According to the above, the first statement of the question gives the direct answer: x^2 + y^2 = r^2 = 4^2. The second statement is not sufficient.

Check more here: math-coordinate-geometry-87652.html

Hope it helps.
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Re: A certain circle in the xy-plane has its center at the origin. If P is [#permalink]

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oloman wrote:
Hi Bunuel - My confusion is on the wording of the question- " If p is a point on the circle..." this is in fact saying that p has to be on the "outlined" circle and NOT for example inside the circle? If we choose p to be in the origin, 0,0 we would have another answer. But from what I am reading no one is considering P to be "inside" the circle. Are there any key clue to rule out points inside the circle?
best
Oloman


Bunuel wrote:
Sallyzodiac wrote:
A certain circle in the xy-plane has its center at the origin. If P is a point on the circle, what is the sum of the squares of the coordinates of P?

1) The radius of the circle is 4.

2) The sum of the coordinates of P is 0.


Say the coordinates of P are (x,y), then the question asks about the value of x^2 + y^2.

In an x-y Cartesian coordinate system, the circle with center (a, b) and radius r is the set of all points (x, y) such that:
\((x-a)^2+(y-b)^2=r^2\)


Image

This equation of the circle follows from the Pythagorean theorem applied to any point on the circle: as shown in the diagram above, the radius is the hypotenuse of a right-angled triangle whose other sides are of length x-a and y-b.

If the circle is centered at the origin (0, 0), then the equation simplifies to:
\(x^2+y^2=r^2\).

According to the above, the first statement of the question gives the direct answer: x^2 + y^2 = r^2 = 4^2. The second statement is not sufficient.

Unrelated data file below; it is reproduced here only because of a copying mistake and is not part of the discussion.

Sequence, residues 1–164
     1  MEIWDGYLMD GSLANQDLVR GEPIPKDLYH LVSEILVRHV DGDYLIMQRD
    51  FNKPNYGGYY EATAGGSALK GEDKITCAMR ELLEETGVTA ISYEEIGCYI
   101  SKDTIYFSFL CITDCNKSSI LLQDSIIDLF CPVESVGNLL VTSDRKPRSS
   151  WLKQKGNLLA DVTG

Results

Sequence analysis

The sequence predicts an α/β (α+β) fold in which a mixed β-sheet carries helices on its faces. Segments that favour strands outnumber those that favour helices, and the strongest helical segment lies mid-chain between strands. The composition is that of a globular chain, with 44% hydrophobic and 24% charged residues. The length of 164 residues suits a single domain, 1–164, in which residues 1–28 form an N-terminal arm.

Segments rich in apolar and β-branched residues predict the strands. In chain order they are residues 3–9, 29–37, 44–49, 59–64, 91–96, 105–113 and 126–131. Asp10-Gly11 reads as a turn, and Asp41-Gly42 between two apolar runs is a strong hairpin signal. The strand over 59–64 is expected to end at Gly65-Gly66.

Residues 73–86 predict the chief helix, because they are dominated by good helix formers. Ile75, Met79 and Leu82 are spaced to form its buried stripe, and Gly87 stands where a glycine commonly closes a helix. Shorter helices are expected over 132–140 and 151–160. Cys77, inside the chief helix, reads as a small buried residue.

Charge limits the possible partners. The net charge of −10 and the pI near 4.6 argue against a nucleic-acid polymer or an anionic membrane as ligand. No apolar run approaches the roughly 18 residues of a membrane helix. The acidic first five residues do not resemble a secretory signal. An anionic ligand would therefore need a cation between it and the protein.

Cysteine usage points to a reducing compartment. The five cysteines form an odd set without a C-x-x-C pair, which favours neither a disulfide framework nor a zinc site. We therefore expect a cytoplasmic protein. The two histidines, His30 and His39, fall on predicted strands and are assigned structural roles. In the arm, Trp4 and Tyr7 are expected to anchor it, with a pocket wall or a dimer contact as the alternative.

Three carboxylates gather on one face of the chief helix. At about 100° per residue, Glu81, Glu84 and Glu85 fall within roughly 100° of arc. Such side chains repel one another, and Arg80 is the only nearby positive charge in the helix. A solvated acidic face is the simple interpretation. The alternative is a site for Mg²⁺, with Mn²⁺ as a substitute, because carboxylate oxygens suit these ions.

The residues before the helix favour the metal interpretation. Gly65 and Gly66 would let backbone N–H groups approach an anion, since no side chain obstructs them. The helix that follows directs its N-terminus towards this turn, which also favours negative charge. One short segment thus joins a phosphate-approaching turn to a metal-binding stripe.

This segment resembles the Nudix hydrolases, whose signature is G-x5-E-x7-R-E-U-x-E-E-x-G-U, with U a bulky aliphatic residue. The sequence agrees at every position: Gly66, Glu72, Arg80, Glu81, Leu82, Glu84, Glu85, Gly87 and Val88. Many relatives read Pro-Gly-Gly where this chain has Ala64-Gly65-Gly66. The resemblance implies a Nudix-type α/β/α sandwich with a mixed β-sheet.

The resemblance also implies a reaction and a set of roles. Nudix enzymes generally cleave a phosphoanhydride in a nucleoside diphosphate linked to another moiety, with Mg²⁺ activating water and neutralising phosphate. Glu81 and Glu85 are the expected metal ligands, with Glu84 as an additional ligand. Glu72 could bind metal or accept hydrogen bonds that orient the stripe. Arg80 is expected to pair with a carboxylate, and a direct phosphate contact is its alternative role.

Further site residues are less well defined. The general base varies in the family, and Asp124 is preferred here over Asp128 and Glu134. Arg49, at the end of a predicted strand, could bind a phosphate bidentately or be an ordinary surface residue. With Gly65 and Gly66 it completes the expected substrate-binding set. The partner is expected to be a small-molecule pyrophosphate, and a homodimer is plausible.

Check more here: math-coordinate-geometry-87652.html

Hope it helps.


Yes, on the circle means on the circumference, while in the circle means inside the circumference.
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Collection of Questions:
PS: 1. Tough and Tricky questions; 2. Hard questions; 3. Hard questions part 2; 4. Standard deviation; 5. Tough Problem Solving Questions With Solutions; 6. Probability and Combinations Questions With Solutions; 7 Tough and tricky exponents and roots questions; 8 12 Easy Pieces (or not?); 9 Bakers' Dozen; 10 Algebra set. ,11 Mixed Questions, 12 Fresh Meat

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Re: A certain circle in the xy-plane has its center at the origin [#permalink]

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New post 27 Aug 2016, 15:17
Question asked here is, nothing the square of the radius of the circle, since the circle is centered at origin. Statement that helps in finding out the radius of the circle is sufficient.

Hence A.
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Re: A certain circle in the xy-plane has its center at the origin [#permalink]

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Keats wrote:
A certain circle in the xy-plane has its center at the origin. If P is a point on the circle, what is the sum of the squares of the coordinates of P?

(1)The radius of the circle is 4.
(2)The sum of the coordinates of P is 0.


We are given the center at origin, so equation of circle will be \(x^2 + y^2 = r^2\)

Since, P is on the circle, it will satisfy this equation.

Statement 1 : We are given the value of r = 4, so we can find out the value of \(x^2 + y^2\), Hence Sufficient.

Statement 2 says x = -y. Even if we put this value in the equation we will get \(2x^2 = r^2\)

But Since we don't know r, we cannot find the value of x. hence, insufficient.

Answer A.
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Re: A certain circle in the xy-plane has its center at the origin. If P is [#permalink]

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Re: A certain circle in the xy-plane has its center at the origin. If P is   [#permalink] 08 Sep 2017, 04:41